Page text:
Facebook researchers and engineers in data science, data mining, knowledge discovery, large-scale data analytics, and more will be presenting their research at the Conference on Knowledge Discovery and Data Mining (KDD). Researchers will also be giving talks and participating in workshops and tutorials throughout the conference.
The Facebook Core Data Science team is presenting two research papers: “CLARA: Confidence of labels and raters” and “TIES: Temporal interaction embeddings for enhancing social media integrity at facebook.” CLARA, which is described more in this blog post, is a system built and deployed at Facebook to estimate the uncertainty in human-generated decisions in our content review process. TIES is a deep learning, application-agnostic, scalable framework that leverages interactions between accounts to improve the safety and security of our online community.
For more information on Facebook’s presence at KDD this year, from August 23 to 28, check out the Facebook at KDD page.
Facebook research being presented at KDD 2020
AutoCTR: Towards automated neural architecture discovering for click-through rate prediction
Qingquan Song, Dehua Cheng, Eric Zhou, Jiyan Yang, Yuandong Tian, Xia Hu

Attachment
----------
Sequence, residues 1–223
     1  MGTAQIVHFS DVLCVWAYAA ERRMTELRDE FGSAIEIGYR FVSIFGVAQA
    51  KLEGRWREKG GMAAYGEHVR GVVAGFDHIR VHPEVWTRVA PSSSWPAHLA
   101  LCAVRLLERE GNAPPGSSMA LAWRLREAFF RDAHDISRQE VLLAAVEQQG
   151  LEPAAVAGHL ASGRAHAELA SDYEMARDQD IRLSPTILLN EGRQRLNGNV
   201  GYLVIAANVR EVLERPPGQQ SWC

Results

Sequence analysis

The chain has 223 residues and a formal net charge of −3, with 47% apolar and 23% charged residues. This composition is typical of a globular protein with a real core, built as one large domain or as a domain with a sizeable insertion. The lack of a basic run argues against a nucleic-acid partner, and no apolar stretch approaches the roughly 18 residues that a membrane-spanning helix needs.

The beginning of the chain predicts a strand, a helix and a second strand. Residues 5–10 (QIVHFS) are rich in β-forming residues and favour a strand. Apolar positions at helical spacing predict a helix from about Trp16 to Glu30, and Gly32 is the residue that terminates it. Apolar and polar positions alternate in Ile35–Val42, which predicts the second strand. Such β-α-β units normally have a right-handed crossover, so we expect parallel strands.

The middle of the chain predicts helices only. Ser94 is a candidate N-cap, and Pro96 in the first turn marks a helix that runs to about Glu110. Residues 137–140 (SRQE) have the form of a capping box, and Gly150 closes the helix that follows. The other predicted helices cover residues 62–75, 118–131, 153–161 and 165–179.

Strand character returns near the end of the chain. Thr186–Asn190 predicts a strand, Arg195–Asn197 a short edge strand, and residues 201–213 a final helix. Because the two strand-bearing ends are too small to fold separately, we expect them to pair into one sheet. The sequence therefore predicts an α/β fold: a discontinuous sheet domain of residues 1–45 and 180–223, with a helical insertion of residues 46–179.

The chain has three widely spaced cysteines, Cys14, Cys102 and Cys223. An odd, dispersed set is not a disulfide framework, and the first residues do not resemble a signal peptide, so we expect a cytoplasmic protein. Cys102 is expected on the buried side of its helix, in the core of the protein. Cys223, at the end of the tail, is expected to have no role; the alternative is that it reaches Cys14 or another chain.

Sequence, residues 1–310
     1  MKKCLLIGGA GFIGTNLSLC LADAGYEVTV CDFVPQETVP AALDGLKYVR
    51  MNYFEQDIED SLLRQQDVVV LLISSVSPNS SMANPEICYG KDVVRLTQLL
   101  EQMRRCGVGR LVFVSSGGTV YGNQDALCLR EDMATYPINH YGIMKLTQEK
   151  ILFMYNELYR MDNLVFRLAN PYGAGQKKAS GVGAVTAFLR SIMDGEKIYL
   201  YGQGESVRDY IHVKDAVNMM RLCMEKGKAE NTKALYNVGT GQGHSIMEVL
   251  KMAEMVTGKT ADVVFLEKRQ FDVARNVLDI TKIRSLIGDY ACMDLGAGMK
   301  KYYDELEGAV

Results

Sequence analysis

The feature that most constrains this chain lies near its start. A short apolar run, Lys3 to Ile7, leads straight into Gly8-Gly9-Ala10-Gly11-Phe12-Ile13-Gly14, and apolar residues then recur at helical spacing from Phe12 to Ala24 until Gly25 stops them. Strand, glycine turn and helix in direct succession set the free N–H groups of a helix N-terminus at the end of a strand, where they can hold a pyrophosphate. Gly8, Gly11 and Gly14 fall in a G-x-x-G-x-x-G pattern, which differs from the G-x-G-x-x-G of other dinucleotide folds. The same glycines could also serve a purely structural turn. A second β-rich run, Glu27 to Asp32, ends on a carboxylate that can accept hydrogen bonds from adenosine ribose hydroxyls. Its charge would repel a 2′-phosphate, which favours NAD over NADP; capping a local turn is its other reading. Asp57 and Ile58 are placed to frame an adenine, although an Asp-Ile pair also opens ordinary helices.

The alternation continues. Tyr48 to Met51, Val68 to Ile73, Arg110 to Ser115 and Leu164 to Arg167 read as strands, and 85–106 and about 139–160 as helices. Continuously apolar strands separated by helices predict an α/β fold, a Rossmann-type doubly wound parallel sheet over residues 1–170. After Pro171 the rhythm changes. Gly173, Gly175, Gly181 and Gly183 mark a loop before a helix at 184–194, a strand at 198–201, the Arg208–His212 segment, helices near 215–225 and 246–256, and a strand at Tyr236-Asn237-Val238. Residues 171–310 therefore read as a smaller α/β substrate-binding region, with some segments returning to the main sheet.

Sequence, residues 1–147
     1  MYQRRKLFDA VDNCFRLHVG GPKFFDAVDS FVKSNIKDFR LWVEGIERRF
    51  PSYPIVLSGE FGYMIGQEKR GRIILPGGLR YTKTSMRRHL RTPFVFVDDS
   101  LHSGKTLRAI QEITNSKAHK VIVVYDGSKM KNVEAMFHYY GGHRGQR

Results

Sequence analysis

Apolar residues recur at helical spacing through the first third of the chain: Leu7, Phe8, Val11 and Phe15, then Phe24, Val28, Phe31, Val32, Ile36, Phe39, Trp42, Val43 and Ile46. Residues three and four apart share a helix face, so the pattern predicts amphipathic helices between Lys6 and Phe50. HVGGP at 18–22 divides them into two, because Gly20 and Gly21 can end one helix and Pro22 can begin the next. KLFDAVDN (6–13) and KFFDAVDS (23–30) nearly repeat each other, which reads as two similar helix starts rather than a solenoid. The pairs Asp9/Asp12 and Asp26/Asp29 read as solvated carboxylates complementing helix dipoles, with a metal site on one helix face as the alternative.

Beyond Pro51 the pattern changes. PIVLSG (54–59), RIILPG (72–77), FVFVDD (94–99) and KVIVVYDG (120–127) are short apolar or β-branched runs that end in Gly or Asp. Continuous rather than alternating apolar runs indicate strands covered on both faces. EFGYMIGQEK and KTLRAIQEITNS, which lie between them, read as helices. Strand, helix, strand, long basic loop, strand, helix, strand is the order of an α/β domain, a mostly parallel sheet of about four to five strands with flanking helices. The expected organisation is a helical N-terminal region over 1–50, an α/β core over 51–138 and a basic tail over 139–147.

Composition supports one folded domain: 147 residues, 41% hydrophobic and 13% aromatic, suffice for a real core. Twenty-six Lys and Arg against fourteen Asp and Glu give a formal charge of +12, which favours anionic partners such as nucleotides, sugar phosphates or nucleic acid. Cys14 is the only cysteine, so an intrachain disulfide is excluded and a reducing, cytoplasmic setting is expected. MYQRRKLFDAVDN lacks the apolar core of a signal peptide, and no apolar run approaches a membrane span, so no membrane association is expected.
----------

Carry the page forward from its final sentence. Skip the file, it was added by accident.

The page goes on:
Click-through rate (CTR) prediction is one of the most important machine learning tasks in recommender systems, driving personalized experience for billions of consumers. Neural architecture search (NAS), as an emerging field, has demonstrated its capabilities in discovering powerful neural network architectures, which motivates us to explore its potential for CTR predictions. Due to (1) diverse unstructured feature interactions, (2) heterogeneous feature space, and (3) high data volume and intrinsic data randomness, it is challenging to construct, search, and compare different architectures effectively for recommendation models. To address these challenges, we propose an automated interaction architecture discovering framework for CTR prediction named AutoCTR. Via modularizing simple yet representative interactions as virtual building blocks and wiring them into a space of direct acyclic graphs, AutoCTR performs evolutionary architecture exploration with learning-to-rank guidance at the architecture level and achieves acceleration using low-fidelity model. Empirical analysis demonstrates the effectiveness of AutoCTR on different data sets comparing to human-crafted architectures. The discovered architecture also enjoys generalizability and transferability among different data sets.
CLARA: Confidence of labels and raters
Viet-An Nguyen, Peibei Shi, Jagdish Ramakrishnan, Udi Weinsberg, Henry C. Lin, Steve Metz, Neil Chandra, Jane Jing, Dimitris Kalimeris